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3 Drug seizures in under 90 minutes occurred at just one port of entry on Biden’s ‘secure borders’

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The United States Customs and Border Protection Agency executed “three searches resulting in drug seizures within hours of each other at the San Ysidro Port of Entry, authorities said. In total, more than 89 pounds of methamphetamines and fentanyl were seized by officers from the vehicles” reported San Diego’s Fox 5.

So much for Biden’s “secure border” claims. Not only were the dangerous drugs seized, it is important to note just who they were seized from. The attempted smugglers were “individuals enrolled in the Secure Electronic Network for Travelers Rapid Inspection” or SENTRI.

“The backbone of our SENTRI program relies on the persons enrolled being Trusted Travelers, so that we can speed inspections in those dedicated lanes,” Mariza Marin, CBP Port Director at the San Ysidro Port of Entry, said in a news release.

“However, we know that those individuals are low risk, and not no risk, so while we speed these travelers along, they are not exempt from inspection.  Seizures like these are one of the reasons that our SENTRI members are always inspected by our officers when entering the United States.”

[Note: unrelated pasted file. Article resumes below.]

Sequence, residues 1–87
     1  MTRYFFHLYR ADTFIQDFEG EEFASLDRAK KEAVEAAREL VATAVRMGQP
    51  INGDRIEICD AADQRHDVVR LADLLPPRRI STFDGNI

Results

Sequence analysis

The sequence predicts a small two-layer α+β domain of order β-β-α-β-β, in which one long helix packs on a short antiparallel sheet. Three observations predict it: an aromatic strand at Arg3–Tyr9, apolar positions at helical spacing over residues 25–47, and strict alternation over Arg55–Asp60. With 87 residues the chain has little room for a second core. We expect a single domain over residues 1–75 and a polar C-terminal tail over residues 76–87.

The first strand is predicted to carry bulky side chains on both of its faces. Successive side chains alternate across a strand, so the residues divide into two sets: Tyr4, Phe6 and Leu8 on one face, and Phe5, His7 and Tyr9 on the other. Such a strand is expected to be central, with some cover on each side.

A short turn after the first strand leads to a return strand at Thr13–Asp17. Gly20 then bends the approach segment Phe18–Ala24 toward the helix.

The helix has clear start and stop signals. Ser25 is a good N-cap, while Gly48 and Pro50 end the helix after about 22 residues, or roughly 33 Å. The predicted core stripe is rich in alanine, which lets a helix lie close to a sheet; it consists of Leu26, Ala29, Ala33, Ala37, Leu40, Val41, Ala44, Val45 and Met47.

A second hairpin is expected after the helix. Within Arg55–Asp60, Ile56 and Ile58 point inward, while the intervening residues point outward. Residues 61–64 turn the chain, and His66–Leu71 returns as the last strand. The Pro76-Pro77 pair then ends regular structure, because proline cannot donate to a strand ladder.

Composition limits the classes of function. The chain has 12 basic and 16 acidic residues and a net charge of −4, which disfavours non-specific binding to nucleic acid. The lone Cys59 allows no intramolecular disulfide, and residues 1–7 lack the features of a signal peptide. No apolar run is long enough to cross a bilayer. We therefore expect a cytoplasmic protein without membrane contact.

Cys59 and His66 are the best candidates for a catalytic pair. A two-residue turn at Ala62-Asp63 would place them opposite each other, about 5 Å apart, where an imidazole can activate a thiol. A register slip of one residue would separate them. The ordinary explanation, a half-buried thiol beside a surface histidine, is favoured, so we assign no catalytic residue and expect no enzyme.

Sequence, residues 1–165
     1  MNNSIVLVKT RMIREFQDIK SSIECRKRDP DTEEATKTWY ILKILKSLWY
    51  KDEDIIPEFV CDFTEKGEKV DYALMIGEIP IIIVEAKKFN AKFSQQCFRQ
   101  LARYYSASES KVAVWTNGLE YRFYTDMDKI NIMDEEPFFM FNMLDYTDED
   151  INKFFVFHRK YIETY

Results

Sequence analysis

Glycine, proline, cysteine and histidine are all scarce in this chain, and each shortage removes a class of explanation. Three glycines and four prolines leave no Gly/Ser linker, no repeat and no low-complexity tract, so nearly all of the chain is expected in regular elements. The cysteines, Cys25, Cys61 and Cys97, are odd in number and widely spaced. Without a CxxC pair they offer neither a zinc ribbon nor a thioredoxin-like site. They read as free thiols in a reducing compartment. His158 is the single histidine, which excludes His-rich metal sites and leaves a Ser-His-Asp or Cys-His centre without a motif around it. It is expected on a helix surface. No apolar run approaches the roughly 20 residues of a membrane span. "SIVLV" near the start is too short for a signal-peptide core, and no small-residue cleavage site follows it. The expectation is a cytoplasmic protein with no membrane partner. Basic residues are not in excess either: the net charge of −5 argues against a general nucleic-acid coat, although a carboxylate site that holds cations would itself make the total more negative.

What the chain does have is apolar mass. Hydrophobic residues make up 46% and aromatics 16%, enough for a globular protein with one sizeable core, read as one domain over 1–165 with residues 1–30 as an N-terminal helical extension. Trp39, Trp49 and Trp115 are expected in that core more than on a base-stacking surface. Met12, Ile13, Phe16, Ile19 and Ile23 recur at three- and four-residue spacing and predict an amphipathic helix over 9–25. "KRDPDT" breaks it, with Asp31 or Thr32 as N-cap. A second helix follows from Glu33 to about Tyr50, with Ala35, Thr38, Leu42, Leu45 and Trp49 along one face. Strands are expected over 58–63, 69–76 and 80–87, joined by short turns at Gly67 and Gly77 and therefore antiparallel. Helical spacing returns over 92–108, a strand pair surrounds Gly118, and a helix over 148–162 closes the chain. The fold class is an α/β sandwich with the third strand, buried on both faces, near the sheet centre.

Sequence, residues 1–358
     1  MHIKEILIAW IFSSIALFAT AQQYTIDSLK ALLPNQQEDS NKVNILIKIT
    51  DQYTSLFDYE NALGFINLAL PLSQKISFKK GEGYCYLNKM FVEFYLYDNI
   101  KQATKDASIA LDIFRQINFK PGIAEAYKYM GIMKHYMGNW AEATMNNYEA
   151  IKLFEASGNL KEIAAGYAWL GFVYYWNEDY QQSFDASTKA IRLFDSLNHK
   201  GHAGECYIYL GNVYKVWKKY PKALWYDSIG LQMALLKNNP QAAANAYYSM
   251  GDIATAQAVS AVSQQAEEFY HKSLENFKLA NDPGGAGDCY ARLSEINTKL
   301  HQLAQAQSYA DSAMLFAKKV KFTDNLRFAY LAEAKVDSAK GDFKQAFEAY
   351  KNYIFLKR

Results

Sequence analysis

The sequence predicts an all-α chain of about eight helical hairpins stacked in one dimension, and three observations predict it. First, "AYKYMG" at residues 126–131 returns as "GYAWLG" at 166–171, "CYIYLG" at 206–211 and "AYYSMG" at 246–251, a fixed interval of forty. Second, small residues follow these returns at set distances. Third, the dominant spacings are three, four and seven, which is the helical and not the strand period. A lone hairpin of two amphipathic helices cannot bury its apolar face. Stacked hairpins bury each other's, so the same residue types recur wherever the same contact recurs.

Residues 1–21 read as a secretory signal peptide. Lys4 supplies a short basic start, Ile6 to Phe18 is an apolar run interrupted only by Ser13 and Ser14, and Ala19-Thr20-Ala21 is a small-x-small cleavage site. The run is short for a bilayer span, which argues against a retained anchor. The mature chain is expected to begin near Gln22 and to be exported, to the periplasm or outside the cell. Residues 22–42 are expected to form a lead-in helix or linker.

The drugs seized during the three stops weighed a combined total of 89.73 pounds and have an estimated street value of more than $272,000, CBP said. The drivers were all turned over to U.S. Immigration and Customs Enforcement, and Homeland Security will conduct an investigation.

“CBP would like to remind the public that the ability to use these designated SENTRI lanes is a privilege.  Violations of any kind will lead to expulsion from the program,” Anne Maricich, CBP Acting Director of Field Operations in San Diego, said in the release.

“SENTRI lanes have always been a win-win for us, allowing for lower wait times for frequent border crossers, and more information so our officers can sort traffic and focus more on higher risk inspections.  For the program to be effective though, our officers continue to stay vigilant to spot anyone who might attempt illegal activity, even if they were considered lower risk.”

As for the details of the busts, Fox 5 reports:

All three seizures took place on July 21, with the first search having been conducted just after 6 a.m. on a person using the designated SENTRI lanes, the release stated. During this stop, 51.94 pounds of methamphetamines were discovered inside a spare tire well.

Less than an hour later, another individual using the SENTRI lane was found with 7.63 pounds of powder fentanyl in the undercarriage of his vehicle, according to CBP. The third and final seizure took place not 30 minutes later, just after 7:30 a.m., when officers found 30.16 pounds of methamphetamines concealed in their vehicle’s rear bumper and undercarriage.

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education

Report: Denver area migrants cost $340 million to shelter, educate